“It’s not my decision,” Farhad Moshiri said when Everton’s majority owner was asked about manager Frank Lampard’s future following the 2-0 defeat at West Ham.
After Saturday’s 2-0 loss against West Ham, Everton majority owner Farhad Moshiri was asked if manager Frank Lampard will be fired. He responded, “It’s not my choice.”
Everton is currently in last place in the table after losing nine times in a row in the Premier League and failing to win in 10 games across all competitions.
Everton supporters held up banners demanding for the board to resign during the defeat at the London Stadium, but the outcome appears to have put Lampard in danger; club chairman Bill Kenwright described it as a “poor run of results for us all and for Frank” when he talked to Sky Sports News.
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A tough and tense game, how do you reflect on that performance?
“We had a lot of the game, a lot of the possession for sure. The way West Ham play, they afford you the ball at times. We moved it pretty well. At times you can prepare to get into the final third and then in-game we have to be more clinical there. And we weren’t. We missed some chances. We were there a lot without being dynamic enough. They had a couple of moments where they were dynamic and that changed the game.”
You say you missed chances, how do you fix that going forward?
“Keep working. It’s the only way I know. It’s the type of player I was, that wanted to take chances, create chances and I only knew from working on the training ground, repetitive, going again and going again. But as a squad we have to do better than that because it changes the whole face of games. If you’ve got control in those periods, which we did today, you have to go and score. Then it gives you a feeling, a good feeling and you’re in the game. If you don’t – which has been our story a fair bit, particularly recently, the feeling is always there for the other team. And with a team like West Ham, who are built to be quick through the lines, vertical, some longer balls, good crosses, counter-attacks, people like [Jarrod] Bowen are well-renowned players in the league because they’re clinical and they’re fast and they’re explosive and they score goals and we need to find our versions of that.”
You heard the boos from the Everton fans at full-time, how difficult was that to hear?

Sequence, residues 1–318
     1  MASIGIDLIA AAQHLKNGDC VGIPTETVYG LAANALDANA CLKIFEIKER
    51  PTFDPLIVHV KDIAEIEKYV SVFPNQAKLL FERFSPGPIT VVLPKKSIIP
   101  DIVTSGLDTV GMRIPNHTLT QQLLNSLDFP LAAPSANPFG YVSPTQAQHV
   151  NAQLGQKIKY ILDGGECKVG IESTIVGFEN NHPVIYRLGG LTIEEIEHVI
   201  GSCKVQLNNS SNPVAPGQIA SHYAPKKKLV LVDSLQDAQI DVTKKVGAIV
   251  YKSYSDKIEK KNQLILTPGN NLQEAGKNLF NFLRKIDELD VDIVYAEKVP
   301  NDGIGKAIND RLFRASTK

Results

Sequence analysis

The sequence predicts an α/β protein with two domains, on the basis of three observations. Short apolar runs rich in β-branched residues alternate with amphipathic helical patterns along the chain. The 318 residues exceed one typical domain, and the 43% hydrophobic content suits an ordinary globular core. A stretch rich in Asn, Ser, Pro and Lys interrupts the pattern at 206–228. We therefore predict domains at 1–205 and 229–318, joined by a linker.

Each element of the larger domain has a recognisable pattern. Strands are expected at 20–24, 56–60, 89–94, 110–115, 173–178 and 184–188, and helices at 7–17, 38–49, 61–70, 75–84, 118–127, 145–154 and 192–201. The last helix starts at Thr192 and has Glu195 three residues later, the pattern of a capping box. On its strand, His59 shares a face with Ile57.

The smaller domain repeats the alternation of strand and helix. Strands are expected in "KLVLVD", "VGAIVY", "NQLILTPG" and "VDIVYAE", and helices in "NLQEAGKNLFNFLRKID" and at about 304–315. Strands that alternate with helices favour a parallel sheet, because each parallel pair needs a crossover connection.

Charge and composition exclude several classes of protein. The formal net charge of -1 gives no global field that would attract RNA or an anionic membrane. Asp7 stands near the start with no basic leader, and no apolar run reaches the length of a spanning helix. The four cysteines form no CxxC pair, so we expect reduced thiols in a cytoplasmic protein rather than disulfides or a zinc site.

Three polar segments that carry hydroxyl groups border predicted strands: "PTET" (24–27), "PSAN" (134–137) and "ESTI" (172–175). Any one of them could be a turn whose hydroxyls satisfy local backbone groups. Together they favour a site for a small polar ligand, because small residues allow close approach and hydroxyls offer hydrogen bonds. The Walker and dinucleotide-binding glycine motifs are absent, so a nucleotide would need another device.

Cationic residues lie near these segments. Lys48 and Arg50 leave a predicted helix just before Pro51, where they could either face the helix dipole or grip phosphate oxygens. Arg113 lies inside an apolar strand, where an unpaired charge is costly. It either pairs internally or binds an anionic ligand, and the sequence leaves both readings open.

“It’s football. You can’t expect Everton fans to travel down, support their team and be happy with a defeat. It’s not a game where you can, in my opinion, criticise the lads’ effort. When you have a lot of the game you can have a go at that – and that’s the main thing, as an Evertonian, as a player, as a fan, I think that’s what everyone has to want. But when you’re in a tough time sometimes games don’t go for you and you feel like little bits don’t go for you, a possible penalty, a set piece goal, a counter-attack goal that gets deflected into the path… Everyone needs to keep trying to work to get that turn of the corner for us.”
You’ve been in football a long time – do you still feel you’re the right man to turn things around?
“Those things are not my choice, as such. It’s my job to work and focus and keep my head down. I’ve got absolute confidence in how I want to coach. And if they are difficult conditions at the minute, for a lot of different reasons that I’m very aware of, then that’s it. I just have to do my job and it’s not for me to make too many diversions around it rather than talk about what I can affect and that’s the players, trying to get the right results.”
The board and the owner were in attendance today. How significant was that for you?
“Not at all. I think a lot has been made out of that the last week. I know there are issues around it, don’t get me wrong. I’m not trying to close my ears to anything. But for me as a coach, it’s never been significant. At Chelsea, the owner didn’t come to many of my games for 18 months. Pretty much zero I think. Maybe a friendly. It’s just about how you work, the actions you do, what you do every day, the support you feel, the communication, those sort of things.”
Talking of support, what support are you getting from them at the moment, especially with all the noise around the fans at the moment?
“They communicate all the time, and I have done since I’ve been here. I don’t always go into those communications, that’s not my job to make public or hang on. You just have to keep working.”
But you feel the support?
“It’s the same answer, I’m going to give you the same answer. I’m going to keep working and try to do the best I can for the club.”
“I’m concerned for them. The concern is that they consistently lose to the teams surrounding them. In three of their last five games, they have suffered defeats to Wolves, Southampton, and West Ham. They must go through individuals to ensure that anyone can enter, and then they have Arsenal at home coming up.
For those two games [against Arsenal and Liverpool], “I don’t see too many guys rushing in [to replace Lampard].
They aren’t attempting to sign Lampard; it has nothing to do with it. When you see players, you could sometimes conclude that they are simply waiting for the manager to go before they resume their sprinting. They put up a lot of effort. But for now, they simply aren’t capable enough.
“Lampard is not being pursued; this has nothing to do with it. When you see players, you could sometimes conclude that they are simply waiting for the manager to go before they resume their sprinting. They put up a lot of effort. But for now, they simply aren’t capable enough.
“West Ham appeared extremely nervous for the opening 15 to 20 minutes as they got off to a strong start. But when West Ham scored, everyone wanted the ball. Eight minutes later, they added another goal, and the game was essentially over. At West Ham, everybody received a lift.
“I stated I worried for him before the show started, and I worry for him now without a doubt.”